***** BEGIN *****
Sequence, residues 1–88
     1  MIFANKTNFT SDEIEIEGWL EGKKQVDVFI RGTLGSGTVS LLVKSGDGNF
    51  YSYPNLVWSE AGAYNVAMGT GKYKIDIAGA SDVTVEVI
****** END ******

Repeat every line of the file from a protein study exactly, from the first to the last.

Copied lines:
Sequence, residues 1–88
     1  MIFANKTNFT SDEIEIEGWL EGKKQVDVFI RGTLGSGTVS LLVKSGDGNF
    51  YSYPNLVWSE AGAYNVAMGT GKYKIDIAGA SDVTVEVI